A reprint of a classical work in the Cambridge Library Collection.
Richard Owen, F.R.S. (1804-92) was a controversial and influential palaeontologist and anatomist. Originally from Lancaster, he studied medicine at the University of Edinburgh and at London's St Bartholomew's Hospital. He grew interested in anatomical research and, after qualifying as a surgeon, became assistant conservator in the museum of the Royal College of Surgeons, and then superintendent of natural history in the British Museum. He became an authority on comparative anatomy and palaeontology, coining the term 'dinosaur' and founding the Natural History Museum. He was also a fierce critic of Darwin's theory of evolution by natural selection, and engaged in a long and bitter argument with Thomas Huxley, known as 'Darwin's bulldog' for his belligerent support of the theory. Published in 1894, this two-volume biography draws on Owen's diaries and a wealth of correspondence. Volume 2 includes an essay on Owen's contributions to anatomical science written, surprisingly, by Huxley.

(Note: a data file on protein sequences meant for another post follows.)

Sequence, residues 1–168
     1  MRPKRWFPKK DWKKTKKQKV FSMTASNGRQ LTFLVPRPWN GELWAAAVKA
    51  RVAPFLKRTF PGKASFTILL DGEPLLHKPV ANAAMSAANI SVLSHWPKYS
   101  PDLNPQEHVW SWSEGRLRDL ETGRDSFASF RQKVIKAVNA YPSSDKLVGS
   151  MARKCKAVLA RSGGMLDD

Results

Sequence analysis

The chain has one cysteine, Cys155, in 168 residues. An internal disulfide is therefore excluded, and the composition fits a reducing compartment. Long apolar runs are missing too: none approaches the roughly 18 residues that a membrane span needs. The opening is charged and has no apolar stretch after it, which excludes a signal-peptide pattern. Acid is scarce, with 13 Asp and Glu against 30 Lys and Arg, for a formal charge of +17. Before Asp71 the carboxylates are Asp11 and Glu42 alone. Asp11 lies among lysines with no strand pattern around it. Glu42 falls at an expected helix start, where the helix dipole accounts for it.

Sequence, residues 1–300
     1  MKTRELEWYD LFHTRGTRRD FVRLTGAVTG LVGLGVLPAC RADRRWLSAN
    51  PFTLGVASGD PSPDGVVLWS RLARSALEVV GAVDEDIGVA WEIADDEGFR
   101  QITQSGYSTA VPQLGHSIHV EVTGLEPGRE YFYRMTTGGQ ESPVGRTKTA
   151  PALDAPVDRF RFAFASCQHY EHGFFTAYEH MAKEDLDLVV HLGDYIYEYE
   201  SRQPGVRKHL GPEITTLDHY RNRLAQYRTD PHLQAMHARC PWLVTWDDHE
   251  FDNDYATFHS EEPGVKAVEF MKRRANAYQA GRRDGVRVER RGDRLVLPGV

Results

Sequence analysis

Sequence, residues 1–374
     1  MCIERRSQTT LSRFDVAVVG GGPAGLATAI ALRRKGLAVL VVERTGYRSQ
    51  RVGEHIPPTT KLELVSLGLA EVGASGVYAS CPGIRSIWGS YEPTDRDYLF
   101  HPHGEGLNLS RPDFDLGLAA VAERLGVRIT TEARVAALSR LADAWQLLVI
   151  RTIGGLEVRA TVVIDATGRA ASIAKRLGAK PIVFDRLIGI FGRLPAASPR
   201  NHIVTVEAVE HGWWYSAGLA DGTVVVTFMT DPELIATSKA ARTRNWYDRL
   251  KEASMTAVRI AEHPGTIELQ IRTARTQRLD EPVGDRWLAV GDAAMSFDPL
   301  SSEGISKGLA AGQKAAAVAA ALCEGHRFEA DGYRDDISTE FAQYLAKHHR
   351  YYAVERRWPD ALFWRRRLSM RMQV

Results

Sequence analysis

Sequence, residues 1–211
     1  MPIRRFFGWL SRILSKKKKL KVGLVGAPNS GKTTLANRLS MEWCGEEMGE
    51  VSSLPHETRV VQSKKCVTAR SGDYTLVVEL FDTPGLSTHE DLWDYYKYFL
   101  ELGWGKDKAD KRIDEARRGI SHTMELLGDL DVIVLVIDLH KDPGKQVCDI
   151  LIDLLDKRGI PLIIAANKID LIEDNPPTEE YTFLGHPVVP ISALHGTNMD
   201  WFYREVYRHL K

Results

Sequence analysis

1. 1855–6. The Phoenix
2. 1856–81. Owen's scheme for a Natural History Museum
3. Lecturer on palaeontology
4. 1860–1. Natural history lectures at Buckingham Palace
5. 1862–4. Jenny Lind
6. 1865–8. Social life
7. 1869–71. First visit to Egypt, 1869
8. 1872–82. Third visit to Egypt, 1873
9. 1883–92. 'Notes on birds in my garden'
Owen's position in the history of anatomical science T. H. Huxley
List of honorary distinctions
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